SEARCH

Cities » Delhi

Updated: November 9, 2011 10:58 IST

Outrage refuses to die down

Staff Reporter
Comment (3)   ·   print   ·   T  T  
Painting with live model by artist Shishir Basumatari in New Delhi on Tuesday. Photo: Sushil Kumar Verma
The Hindu Painting with live model by artist Shishir Basumatari in New Delhi on Tuesday. Photo: Sushil Kumar Verma

The outrage among academics at Delhi University over its infamous decision to scrap A. K. Ramanujan's controversial essay on the Ramayana is refusing to die down with a discussion on the essay and the importance of critical evaluation of ancient texts being held at Ramjas College here on Tuesday.

“Every version of the Ramayana is clear that Ravana never violated Sita, that he was a man learned and refined, his death was considered tragic and he was not always demonised. The complexity that exists in the epic has been taken away from us by categorising everything into good and bad, black and white with the grey conveniently overlooked,” said History Prof. Bharati Jagannathan leading the discussion.

A painting with a live model by artist Shishir Basumatari depicted a popular tale that suggests that for every Rama there is a Ramayana which forms the introduction in the essay.

“Once Lord Rama's gold ring slipped from his finger and disappeared underground. Hanuman took on a tiny form and went into the netherworld in its search. He was caught by the netherworld people who took him to their king. When Hanuman told the king his reasons for entering the netherworld, the king showed him a platter full of rings that looked identical and said: ‘There have been as many Ramas as there are rings on this platter',” said Shishir, adding that his rendition, showing a live Hanuman reaching for the painted golden rings was meant to be humorous.

“To Valmiki, Rama was the personification of the perfect man, a purushotam, whereas to the Tamil writer Kamban, Rama was God. Valmiki was inspired by separation and tragedy and Kamban based his story on prosperity,” added Prof. Bharati.

“Rama banishes a pregnant Sita based on the fact that his kingly duties should not interfere with his emotions. But he supports Sugriva, the monkey king, against his brother Bali whose wife had become Sugriva's consort, Rama even goes against dharma and shoots Bali in the back and then says that since he is an enemy and a monkey, his actions are justified. Nuances and complexities like these have been conveniently ignored,” she said.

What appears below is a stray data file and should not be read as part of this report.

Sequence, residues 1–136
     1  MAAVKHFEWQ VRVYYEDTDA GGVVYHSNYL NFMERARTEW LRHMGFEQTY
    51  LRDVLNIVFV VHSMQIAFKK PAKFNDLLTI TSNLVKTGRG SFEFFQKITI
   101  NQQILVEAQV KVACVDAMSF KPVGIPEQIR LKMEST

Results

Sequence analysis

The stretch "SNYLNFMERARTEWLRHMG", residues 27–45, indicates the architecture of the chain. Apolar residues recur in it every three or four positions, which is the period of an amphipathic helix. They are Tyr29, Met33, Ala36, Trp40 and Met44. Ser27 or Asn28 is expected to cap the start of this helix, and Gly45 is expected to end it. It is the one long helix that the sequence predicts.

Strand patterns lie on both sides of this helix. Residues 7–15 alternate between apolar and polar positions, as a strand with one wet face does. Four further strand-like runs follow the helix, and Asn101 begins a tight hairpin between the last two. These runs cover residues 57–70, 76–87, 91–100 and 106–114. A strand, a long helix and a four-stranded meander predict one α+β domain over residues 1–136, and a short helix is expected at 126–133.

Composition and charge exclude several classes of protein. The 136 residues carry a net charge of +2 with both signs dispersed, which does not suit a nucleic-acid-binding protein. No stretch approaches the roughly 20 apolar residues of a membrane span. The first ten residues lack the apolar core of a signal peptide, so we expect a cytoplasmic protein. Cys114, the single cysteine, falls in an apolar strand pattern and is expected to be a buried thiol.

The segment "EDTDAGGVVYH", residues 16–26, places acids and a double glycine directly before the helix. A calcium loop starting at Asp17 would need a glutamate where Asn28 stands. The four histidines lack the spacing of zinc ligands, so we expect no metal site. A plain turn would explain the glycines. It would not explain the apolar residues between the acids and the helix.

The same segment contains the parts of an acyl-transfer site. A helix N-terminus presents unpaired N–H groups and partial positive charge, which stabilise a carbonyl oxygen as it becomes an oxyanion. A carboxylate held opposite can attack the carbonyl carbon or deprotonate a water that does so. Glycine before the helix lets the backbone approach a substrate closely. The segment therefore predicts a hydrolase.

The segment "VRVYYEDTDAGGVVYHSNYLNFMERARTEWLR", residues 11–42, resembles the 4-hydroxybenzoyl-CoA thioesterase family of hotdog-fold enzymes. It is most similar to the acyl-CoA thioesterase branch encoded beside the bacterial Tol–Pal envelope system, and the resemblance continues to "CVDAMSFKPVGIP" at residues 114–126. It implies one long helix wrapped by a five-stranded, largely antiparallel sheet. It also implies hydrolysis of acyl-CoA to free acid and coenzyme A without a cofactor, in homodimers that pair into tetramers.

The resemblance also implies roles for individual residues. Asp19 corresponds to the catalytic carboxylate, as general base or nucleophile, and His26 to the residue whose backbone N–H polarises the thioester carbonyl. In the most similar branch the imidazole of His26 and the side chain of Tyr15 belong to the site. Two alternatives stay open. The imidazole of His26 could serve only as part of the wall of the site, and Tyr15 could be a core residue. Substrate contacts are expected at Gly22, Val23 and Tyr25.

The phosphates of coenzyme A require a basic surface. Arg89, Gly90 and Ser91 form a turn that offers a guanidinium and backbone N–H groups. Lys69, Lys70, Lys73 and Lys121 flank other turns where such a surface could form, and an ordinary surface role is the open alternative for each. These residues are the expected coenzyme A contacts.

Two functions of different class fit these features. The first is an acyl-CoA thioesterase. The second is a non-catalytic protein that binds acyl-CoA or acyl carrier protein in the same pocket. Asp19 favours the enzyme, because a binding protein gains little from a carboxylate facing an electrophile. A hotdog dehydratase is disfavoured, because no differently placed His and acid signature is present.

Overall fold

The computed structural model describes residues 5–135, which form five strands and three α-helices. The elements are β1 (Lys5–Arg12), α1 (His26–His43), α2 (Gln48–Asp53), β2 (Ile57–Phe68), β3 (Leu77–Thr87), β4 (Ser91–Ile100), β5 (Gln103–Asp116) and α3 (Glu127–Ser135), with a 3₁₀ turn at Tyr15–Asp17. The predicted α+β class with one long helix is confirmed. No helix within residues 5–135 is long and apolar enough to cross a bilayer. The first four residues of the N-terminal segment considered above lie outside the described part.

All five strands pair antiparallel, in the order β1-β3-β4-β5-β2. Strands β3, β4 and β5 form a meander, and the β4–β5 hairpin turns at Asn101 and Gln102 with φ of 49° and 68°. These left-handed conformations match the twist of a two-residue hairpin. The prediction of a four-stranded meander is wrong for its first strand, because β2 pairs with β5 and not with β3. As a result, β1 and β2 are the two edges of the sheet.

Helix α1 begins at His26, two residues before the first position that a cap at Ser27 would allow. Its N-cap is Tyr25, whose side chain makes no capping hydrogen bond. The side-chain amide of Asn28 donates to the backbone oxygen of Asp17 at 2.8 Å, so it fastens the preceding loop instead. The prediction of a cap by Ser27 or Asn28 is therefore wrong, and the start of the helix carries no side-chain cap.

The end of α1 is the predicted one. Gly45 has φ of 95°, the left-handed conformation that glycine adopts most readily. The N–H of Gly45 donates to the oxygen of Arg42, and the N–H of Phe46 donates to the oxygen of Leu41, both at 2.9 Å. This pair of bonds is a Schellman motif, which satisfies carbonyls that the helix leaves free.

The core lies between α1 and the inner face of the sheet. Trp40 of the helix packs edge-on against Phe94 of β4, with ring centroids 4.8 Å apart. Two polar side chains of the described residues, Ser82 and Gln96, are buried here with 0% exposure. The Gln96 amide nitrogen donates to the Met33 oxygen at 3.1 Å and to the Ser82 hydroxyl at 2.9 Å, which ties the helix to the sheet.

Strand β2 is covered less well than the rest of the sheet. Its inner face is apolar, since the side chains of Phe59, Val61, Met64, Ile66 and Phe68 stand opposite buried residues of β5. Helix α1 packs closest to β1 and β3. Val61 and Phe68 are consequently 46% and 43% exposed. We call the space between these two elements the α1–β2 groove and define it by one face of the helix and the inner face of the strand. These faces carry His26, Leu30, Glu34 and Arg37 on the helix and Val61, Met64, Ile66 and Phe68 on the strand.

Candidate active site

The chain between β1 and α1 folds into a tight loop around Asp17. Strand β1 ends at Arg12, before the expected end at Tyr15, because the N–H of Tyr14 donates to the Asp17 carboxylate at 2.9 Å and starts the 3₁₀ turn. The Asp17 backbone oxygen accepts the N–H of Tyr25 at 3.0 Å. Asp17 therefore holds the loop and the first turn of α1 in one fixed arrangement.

“I am deeply religious and do not like religious characters maligned, but it is imperative as a historian to critically analyse ancient texts,” added Prof. Bharati.

Hi Ananthalakshmi, by protesters who are you referring to? The forces that got it scrapped from the syllabus or the ones who are protesting the removal of it?

from:  shisir basumatari
Posted on: Nov 10, 2011 at 15:18 IST

I wonder if the protesters have read the essay in question. I am curious to know which parts of the essay hurts Hindu sentiments. If there can be many Buddhas, then why not Ramas?

from:  Ananthalakshmi
Posted on: Nov 10, 2011 at 11:37 IST

History professor Bharati's statement that “Rama banishes a pregnant Sita based on the fact that his kingly duties should not interfere with his emotions. But he supports Sugriva, the monkey king, against his brother Bali whose wife had become Sugriva's consort... " reveals only her ignorance of (1)the fact that the first part of her statement depends on the so-called Uttarakanda which has been denounced by scholars as a later text, not by Valmiki and merely claims to be by Valmiki; Hindus have consistently ignored it, although it is printed along with the genuine Ramayana. (2) Prof. Bharati is confused re: Vali's wife becoming Sugriva's wife. It happened only after Vali's death. The junior levirate custom which required a younger brother to take his elder brother's widow as his wife was prevalent among ancient Jews and Hindus.

from:  M. R. Parameswaran
Posted on: Nov 10, 2011 at 04:38 IST
This article is closed for comments.
Please Email the Editor
The Hindu presents the all-new Young World

Delhi Connect Newsfeed



O
P
E
N

close

Recent Article in Delhi

DMRC achieves tunnel breakthrough at Lal Quila

After making a 650-metre-long tunnel between Jama Masjid and Lal Quila on the upcoming Heritage Line, a tunnel boring machine (TBM) surfaced at the Lal Quila metro station here on Thursday. »